Illustration of Harvard Solness perched at the top of a high church tower

The Master Builder

by Henrik Ibsen

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What is Ibsen trying to say in this play?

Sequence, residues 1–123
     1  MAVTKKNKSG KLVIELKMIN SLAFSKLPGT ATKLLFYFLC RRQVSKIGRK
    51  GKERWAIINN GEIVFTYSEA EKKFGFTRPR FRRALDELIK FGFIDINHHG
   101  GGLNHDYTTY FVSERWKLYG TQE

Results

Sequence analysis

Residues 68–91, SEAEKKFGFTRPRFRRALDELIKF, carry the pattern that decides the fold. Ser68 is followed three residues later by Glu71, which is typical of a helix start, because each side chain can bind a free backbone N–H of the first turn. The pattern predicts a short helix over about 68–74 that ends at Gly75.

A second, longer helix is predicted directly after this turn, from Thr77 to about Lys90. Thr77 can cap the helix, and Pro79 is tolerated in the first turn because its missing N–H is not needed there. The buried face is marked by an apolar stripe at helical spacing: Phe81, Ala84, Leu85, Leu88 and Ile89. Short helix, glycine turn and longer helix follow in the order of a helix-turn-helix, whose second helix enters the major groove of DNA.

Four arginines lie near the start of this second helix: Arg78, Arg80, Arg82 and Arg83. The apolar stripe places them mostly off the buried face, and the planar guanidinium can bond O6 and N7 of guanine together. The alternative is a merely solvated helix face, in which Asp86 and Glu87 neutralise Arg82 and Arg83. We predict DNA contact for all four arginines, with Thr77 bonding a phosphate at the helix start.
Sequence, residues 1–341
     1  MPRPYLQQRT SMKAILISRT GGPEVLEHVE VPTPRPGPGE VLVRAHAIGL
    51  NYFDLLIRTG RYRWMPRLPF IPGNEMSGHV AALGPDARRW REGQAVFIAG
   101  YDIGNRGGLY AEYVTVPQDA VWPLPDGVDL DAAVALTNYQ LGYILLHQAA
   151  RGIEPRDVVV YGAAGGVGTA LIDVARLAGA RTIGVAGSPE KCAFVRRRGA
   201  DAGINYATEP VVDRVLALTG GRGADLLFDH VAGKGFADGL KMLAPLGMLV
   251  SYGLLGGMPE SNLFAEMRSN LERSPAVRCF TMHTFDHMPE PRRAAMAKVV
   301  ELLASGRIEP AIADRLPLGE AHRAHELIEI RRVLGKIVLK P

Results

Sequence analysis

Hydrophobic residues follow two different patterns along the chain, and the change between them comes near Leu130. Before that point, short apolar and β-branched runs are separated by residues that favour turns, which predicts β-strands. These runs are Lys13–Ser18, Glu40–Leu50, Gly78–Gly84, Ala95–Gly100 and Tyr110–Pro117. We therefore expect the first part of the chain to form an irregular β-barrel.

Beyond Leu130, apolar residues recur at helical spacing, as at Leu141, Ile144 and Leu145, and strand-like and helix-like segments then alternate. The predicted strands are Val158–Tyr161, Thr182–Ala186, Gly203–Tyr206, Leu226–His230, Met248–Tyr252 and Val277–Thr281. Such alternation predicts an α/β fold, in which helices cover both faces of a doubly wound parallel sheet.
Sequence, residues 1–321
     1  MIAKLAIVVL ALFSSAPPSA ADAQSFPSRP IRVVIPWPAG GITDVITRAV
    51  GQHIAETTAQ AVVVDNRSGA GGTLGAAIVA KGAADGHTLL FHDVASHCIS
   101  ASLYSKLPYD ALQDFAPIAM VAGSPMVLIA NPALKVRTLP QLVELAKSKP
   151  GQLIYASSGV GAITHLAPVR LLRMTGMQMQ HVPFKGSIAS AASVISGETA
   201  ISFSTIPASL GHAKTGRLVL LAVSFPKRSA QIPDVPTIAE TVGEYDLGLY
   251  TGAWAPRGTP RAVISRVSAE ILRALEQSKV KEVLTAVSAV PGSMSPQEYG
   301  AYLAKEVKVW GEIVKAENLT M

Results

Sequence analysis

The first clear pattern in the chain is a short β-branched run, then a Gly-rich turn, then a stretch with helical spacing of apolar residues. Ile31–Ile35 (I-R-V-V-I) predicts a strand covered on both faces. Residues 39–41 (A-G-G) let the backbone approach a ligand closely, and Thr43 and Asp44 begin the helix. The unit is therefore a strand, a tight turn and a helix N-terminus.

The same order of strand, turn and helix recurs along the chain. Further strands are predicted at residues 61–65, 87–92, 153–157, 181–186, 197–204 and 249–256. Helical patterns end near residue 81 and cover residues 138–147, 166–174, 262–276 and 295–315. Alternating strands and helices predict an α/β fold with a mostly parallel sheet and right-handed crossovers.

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This play, concerning an architect’s reluctance to give his young apprentice an opportunity to establish his own career, depicts a realistic setting for a very abstract philosophical problem:  What is the importance of continuity in our life’s value.  That is, are we here merely to thrive and become “famous” (Solness is obssessed with being the most famous architect) or is part of our life to “build” a continuing structure of human progression?  The most telling line in the play is “Make room!  Make room!” a particularily relevant metaphor for a builder.   Ibsen, in dramatizing the conflict between Solness, the Master Builder, and his draughtsman, Ragnar, is dramatizing the life question of “What do we leave behind – churches, buildings, things, or are we also supposed to make a path for our followers?”  The plot also contains relative complications (Solness’ assistant, who was once a good architect himself, but has been reduced from his former greatness to simply help Solness, has an ambitious son, the draftsman who is challenging Solness’ “Master Builder” status) and a love plot showing the sexual competition between two generations (Aline, his wife, and Kaia, who has a “crush” on Solness) – both these subplots also explore questions of legacy in society.  The autobiographical undertones are recognized in all criticism, notably William Archer’s, since this play is late in Ibsen’s own career.

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